Public Service Media Assets
It’s easy to see all this as a threat to the Old Order and PSMs place in it. PSMs are sometimes conservative, bloated and banal. But PSMs have assets:
- They have channels which may change but will still be forces for navigation.
- They have skills, especially in story-telling, be it drama, news or sports.
- They have a subsidy through taxes, fees etc for creativity which allows them to innovate and take risks
- They have a connection to society through their funding, governance and history which in the best cases is based on trust.
But budgets are down, visibility is down and possibly relevance is down as other platforms, providers and sources crowd upon the public sphere stage.
So there are some critical and tough questions for PSMs to ask themselves.
- How much to produce?
- How much to curate?
- Go broad or niche?
- How to create shared events in a fragmented world?
- Decentralise or go for big impact?
Of course, not all these choices are either/or. FOr example, is it possible to connect to and work with third-parties but keep your branding? And sometimes, there might not be a choice. It’s all very well wanting to share but what if property rights are tightened up and there is no reciprocity?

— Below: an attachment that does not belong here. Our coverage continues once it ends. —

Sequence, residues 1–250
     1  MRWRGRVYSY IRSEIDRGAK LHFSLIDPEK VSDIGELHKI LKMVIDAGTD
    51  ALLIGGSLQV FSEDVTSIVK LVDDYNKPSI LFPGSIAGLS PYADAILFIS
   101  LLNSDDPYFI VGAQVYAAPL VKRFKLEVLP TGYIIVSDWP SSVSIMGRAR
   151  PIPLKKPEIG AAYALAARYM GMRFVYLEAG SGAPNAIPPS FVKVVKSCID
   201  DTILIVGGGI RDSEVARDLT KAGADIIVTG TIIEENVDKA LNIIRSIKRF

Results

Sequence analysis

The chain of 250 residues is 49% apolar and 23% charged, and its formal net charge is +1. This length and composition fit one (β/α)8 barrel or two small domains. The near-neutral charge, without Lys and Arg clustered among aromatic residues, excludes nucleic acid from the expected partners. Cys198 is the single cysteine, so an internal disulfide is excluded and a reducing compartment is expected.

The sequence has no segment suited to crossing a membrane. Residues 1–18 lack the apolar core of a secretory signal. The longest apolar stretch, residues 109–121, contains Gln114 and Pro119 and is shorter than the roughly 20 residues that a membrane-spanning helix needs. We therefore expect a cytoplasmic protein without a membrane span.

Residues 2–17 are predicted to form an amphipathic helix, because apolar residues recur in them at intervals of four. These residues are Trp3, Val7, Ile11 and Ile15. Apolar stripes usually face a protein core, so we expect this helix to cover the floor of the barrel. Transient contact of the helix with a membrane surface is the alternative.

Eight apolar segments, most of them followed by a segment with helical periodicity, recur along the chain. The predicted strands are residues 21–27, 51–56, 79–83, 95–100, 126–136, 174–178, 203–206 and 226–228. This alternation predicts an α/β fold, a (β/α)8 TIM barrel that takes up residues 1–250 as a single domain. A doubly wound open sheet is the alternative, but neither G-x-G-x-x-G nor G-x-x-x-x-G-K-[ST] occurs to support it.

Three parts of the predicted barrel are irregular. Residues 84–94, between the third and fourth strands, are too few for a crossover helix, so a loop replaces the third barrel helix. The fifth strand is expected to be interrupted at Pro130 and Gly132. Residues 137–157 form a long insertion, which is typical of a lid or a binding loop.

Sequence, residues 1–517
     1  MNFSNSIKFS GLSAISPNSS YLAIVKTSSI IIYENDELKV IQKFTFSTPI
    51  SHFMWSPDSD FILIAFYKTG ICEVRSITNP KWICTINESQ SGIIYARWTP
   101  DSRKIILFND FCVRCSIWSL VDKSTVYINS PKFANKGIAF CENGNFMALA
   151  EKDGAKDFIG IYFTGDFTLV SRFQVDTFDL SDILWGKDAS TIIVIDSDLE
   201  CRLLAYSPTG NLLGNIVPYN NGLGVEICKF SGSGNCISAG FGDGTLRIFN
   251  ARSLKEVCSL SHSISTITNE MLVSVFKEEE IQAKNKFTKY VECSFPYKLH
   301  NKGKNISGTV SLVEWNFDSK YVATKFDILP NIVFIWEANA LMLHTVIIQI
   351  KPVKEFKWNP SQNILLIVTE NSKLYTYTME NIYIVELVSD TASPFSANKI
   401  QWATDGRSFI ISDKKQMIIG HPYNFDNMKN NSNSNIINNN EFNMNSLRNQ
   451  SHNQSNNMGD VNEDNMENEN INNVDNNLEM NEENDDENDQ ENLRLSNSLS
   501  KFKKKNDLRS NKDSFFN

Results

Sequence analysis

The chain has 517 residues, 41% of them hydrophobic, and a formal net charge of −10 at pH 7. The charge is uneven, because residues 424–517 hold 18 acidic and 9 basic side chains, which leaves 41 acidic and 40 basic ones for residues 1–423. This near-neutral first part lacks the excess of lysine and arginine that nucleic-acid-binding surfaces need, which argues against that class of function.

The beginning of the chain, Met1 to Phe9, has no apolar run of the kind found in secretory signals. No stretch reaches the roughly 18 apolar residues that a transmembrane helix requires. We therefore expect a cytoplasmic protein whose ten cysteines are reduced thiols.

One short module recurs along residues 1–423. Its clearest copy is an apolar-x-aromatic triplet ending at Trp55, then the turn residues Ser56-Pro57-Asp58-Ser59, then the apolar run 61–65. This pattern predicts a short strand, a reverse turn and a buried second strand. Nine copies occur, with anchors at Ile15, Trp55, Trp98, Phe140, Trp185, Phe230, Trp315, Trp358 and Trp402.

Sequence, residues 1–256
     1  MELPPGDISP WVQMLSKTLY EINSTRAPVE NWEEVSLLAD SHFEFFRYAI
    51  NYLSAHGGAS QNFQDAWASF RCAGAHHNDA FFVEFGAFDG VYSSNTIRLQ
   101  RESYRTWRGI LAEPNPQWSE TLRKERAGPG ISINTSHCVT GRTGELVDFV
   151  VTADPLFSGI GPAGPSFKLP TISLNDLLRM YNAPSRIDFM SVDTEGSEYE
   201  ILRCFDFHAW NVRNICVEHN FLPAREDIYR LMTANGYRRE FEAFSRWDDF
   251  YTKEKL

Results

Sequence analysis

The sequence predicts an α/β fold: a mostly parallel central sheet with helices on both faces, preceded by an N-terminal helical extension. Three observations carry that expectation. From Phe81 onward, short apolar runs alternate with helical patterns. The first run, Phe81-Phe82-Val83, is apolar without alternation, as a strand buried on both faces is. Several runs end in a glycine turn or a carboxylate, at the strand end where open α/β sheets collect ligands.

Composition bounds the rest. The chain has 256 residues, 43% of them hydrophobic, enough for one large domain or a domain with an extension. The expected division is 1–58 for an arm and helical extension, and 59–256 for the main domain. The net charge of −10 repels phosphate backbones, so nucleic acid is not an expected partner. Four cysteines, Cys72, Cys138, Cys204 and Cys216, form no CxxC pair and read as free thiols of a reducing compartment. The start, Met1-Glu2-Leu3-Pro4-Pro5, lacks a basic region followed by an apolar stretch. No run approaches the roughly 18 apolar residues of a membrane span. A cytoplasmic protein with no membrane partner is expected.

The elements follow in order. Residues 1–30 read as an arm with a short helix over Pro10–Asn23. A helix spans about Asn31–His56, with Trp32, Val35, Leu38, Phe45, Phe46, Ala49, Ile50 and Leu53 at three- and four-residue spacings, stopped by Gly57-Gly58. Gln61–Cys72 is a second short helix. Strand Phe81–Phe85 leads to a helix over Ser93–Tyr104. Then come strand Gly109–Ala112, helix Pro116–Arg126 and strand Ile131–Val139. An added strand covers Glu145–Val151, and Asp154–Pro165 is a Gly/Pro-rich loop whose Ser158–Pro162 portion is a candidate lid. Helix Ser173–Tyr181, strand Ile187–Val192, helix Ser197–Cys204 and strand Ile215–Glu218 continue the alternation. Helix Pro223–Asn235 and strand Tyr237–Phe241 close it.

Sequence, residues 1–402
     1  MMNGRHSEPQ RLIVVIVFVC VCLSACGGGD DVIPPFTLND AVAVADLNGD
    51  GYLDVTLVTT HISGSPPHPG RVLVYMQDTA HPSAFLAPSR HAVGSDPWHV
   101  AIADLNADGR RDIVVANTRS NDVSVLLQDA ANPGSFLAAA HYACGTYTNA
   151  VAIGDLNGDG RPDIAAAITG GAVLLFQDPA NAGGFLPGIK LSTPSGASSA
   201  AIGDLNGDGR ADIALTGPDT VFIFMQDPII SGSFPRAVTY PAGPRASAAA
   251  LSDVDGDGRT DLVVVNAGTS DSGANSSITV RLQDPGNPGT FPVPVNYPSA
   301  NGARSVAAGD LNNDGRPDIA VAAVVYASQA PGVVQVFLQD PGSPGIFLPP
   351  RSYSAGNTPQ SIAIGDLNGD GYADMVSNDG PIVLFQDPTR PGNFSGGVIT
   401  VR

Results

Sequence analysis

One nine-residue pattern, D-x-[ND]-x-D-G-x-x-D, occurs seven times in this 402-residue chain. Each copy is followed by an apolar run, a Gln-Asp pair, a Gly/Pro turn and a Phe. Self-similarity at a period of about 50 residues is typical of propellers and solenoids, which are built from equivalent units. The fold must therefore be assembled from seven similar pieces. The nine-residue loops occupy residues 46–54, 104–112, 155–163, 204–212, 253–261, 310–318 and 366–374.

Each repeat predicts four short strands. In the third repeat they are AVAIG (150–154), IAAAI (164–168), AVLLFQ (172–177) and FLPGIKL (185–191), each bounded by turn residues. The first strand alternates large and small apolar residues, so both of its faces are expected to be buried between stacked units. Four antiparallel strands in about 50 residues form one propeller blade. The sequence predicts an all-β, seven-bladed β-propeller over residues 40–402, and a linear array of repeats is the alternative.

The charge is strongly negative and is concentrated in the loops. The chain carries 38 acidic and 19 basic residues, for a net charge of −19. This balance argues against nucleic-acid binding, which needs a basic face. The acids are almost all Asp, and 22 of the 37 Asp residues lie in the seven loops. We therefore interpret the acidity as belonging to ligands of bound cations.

Change, colleagues and Competitors
Over all this hangs the problem of bringing your people and organisation with you even if you agree on priorities and a strategy. Change does not happen in neat steps. It is continuous. How can you get your producers – and your public – to jump to new paradigms?
And bear in mind that your competitors will be doing the same thing. If you think that the PSMs face radical change – go talk to commercial broadcasters who are painfully aware of the new environment.
The new media companies like Google are becoming more like PSMs in some ways. They are now building channels and charging subscriptions and investing in content – look at Netflix and their investment in the top quality content of ‘House of Cards’. But these companies are more like a Personal Service Media rather than an overtly Public Service Media with all that suggests of a wider social role and ethical and political responsibilities.
Of course, it’s not as if people are not already working on these issues. And we think that we can already define some clear winners.